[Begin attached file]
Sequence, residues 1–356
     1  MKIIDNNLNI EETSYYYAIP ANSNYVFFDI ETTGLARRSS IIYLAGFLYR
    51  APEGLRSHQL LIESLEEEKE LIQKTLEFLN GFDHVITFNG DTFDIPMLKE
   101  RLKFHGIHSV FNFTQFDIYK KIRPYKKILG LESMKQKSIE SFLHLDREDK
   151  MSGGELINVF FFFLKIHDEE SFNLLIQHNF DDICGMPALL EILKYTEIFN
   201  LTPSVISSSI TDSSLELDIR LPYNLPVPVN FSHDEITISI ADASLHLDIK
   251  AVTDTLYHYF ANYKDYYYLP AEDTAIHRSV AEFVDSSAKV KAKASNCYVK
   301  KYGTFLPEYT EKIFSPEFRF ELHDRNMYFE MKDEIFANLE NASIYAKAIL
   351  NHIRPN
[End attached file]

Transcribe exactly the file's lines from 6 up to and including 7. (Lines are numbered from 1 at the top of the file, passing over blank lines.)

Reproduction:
   201  LTPSVISSSI TDSSLELDIR LPYNLPVPVN FSHDEITISI ADASLHLDIK
   251  AVTDTLYHYF ANYKDYYYLP AEDTAIHRSV AEFVDSSAKV KAKASNCYVK